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Xbox Game Pass: Microsoft Reaffirms Commitment to Bulking Up Service

Ahead of Sunday’s highly anticipated Microsoft/Bethesda Games Showcase at E3, Microsoft held a virtual press briefing about the future of Xbox and the company’s approach to gaming. And, unsurprisingly, much of it came back to Xbox Game Pass.

Microsoft has been gradually building on the service, which grants users access to a library of hundreds of games for a monthly subscription, since its launch in 2017. It’s been a consistent presence at all of Xbox’s presentations at large events like E3, and Microsoft shows no sign of slowing down in what once seemed like a risky proposition.

At the briefing, the Xbox team revealed a few pieces of news, several of which tie into its commitment to Game Pass and cloud gaming. For one, Xbox is working with global TV manufacturers to embed the Xbox experience directly into internet-connected televisions with no extra hardware required, aside from a controller. It’s also working on building its own streaming devices for cloud gaming to reach gamers on TVs without the need for a console or PC at all.

Additionally, Xbox is exploring new subscription offerings for Game Pass (there are currently $10/month options for either console or PC, or Game Pass Ultimate, including both console and PC and several other features, for $15/month). Cloud gaming through Xbox Game Pass Ultimate will expand to Australia, Brazil, Mexico and Japan later this year, and in the next few weeks, cloud gaming on browsers will be open to all Xbox Game Pass Ultimate members.

They’re the latest investments in a service that Microsoft has been keen on developing throughout the past four years. Over the past few months alone, Game Pass has had impressive day-and-date releases like “Outriders”; EA Play became available for Game Pass Ultimate members on PC; and Microsoft’s $7.5 billion acquisition of gaming behemoth Bethesda unleashed a torrent of popular titles on Game Pass’ library (and set the stage for some very enticing day-and-date releases in the future). Liz Hamren, corporate vice president of gaming experiences and platforms at Microsoft, says the company is moving full-steam ahead with the model for a pretty simple reason: it works.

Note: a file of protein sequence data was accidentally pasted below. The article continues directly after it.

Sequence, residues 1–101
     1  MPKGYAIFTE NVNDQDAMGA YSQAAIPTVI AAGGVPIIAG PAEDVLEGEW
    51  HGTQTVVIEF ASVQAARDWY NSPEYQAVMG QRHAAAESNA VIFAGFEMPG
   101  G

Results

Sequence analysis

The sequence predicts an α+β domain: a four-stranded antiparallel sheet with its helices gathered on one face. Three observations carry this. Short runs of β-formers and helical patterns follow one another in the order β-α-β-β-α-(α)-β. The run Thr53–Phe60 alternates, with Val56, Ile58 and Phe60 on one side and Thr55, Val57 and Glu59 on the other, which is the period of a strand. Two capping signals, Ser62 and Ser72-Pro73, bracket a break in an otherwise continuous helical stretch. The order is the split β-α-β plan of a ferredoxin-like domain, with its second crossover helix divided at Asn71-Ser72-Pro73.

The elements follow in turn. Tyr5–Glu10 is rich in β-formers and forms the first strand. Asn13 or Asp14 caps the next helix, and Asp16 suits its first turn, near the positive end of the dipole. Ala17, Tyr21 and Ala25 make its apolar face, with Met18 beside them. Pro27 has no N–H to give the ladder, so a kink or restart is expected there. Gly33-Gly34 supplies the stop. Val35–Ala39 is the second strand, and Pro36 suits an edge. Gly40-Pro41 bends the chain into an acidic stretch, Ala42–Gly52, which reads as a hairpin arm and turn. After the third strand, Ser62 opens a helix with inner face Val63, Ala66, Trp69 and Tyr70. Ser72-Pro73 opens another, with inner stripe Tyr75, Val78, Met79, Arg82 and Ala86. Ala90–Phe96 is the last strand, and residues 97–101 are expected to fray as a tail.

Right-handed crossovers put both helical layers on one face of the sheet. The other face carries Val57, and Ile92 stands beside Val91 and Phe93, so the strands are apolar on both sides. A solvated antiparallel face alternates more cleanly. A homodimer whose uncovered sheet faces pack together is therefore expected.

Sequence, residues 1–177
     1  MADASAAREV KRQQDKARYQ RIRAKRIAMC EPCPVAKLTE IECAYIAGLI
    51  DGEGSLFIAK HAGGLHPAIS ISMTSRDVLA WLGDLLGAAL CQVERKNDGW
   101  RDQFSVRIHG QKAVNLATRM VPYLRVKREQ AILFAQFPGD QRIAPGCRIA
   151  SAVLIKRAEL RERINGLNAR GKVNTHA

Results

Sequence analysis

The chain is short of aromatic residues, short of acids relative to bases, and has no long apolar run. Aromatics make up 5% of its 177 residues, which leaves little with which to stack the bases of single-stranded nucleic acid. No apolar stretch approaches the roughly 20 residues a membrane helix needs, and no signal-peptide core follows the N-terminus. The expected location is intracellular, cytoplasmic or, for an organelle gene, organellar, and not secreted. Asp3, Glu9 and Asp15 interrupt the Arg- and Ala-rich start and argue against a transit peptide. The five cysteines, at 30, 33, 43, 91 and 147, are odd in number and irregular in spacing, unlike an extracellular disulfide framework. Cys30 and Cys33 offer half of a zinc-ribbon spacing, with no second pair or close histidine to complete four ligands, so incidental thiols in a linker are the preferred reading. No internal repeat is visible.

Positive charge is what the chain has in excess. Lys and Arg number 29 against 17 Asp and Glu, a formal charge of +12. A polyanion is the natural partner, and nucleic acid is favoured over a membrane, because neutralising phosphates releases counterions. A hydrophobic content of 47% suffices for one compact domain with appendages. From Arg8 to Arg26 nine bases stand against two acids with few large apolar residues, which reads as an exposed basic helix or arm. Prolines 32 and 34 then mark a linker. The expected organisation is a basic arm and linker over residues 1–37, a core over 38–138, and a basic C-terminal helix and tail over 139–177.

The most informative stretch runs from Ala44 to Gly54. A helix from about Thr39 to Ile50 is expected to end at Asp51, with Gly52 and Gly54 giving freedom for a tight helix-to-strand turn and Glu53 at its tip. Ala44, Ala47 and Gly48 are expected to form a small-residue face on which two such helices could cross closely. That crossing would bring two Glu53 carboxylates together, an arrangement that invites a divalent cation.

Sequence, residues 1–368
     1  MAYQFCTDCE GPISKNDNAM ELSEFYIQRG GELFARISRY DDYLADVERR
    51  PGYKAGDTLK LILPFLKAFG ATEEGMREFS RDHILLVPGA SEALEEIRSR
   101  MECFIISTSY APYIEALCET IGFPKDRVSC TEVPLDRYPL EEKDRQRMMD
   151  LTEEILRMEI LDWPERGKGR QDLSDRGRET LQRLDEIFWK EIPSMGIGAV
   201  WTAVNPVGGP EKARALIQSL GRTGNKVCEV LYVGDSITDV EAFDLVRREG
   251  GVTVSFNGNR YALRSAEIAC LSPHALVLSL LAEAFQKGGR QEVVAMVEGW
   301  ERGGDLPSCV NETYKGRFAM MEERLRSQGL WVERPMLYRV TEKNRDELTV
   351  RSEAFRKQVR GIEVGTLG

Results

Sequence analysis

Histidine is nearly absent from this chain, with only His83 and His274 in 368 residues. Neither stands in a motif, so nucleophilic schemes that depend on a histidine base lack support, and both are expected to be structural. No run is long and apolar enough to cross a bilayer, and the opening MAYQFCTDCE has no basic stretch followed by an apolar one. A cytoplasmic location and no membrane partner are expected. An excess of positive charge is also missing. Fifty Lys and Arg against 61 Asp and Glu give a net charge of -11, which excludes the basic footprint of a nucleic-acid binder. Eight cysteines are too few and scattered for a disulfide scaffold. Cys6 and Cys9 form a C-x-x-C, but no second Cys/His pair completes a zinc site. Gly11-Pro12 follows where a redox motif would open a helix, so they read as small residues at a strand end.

“It’s working for gamers, and it’s also working for publishers,” Hamren tells Variety. “We’re seeing that Game Pass drives engagement and awareness of a game both in Game Pass and outside Game Pass, so we see it as kind of a discovery and engagement engine… we think that’s one of the unique things about it and as we see more and more engagement on both sides, that makes us just want to invest more because our hypotheses about the benefits, they’re kind of coming to fruition.”

Earlier this year, Xbox announced that Game Pass had grown to 18 million users, and Hamren says Xbox is seeing “incredibly high engagement” from gamers who purchased Microsoft’s next-generation consoles, the Xbox Series X and S, since their release last November. According to Microsoft, Game Pass members play 30% more genres and play 40% more games, and more than 90% of members have said they played a game that they would not have tried without Game Pass.

Aside from the deal for the consumers, though, there were concerns when Game Pass was first announced that it would take a bite out of sales for the games that were part of its library. After all, why pay $60 for a game when you can get it for free within Game Pass?

Hamren insists, though, that they’ve seen the opposite to be true, and uses Square Enix’s “Outriders” as an example. Despite dropping for both individual purchase and within the Game Pass library simultaneously on April 1, Hamren notes that it was the No. 1 selling digital game on Xbox during its launch week and a top 10 selling digital game on Xbox in the month of April. Similarly, “MLB: The Show 21,” which also launched day-and-date on Game Pass, was the biggest sports game of the past year on Xbox and the second-biggest sports game of all time on Xbox.

“We’re seeing that yes, people are playing in Game Pass, but at the same time, a number of the games in Game Pass you’re seeing topping the charts in terms of digital sales as well,” she says. “Even for day-and-date games, we’re seeing that it just drives overall engagement with the game and drives players to the game.”

That engagement isn’t limited to titles from large developers, either, Hamren says. Microsoft reports that over the last four years, indie developers have seen their revenue almost double thanks to engagement from Game Pass.

Moving forward, Hamren sees refining the discovery process of games as a big priority for Game Pass. “How do we show people what’s available?” she says. “How do we predict what they might want to play? How do we help them see what their friends are playing and find a set of games to play together?”

Otherwise, she says the team is focusing on adding content to the service, making sure Game Pass itself is incredibly easy to use and taking it to more screens with xCloud.

“I think the mission of Xbox has been just to bring the joy and community of gaming to more people,” she says. “We’re just, I think at this juncture, really able to invest in that.”





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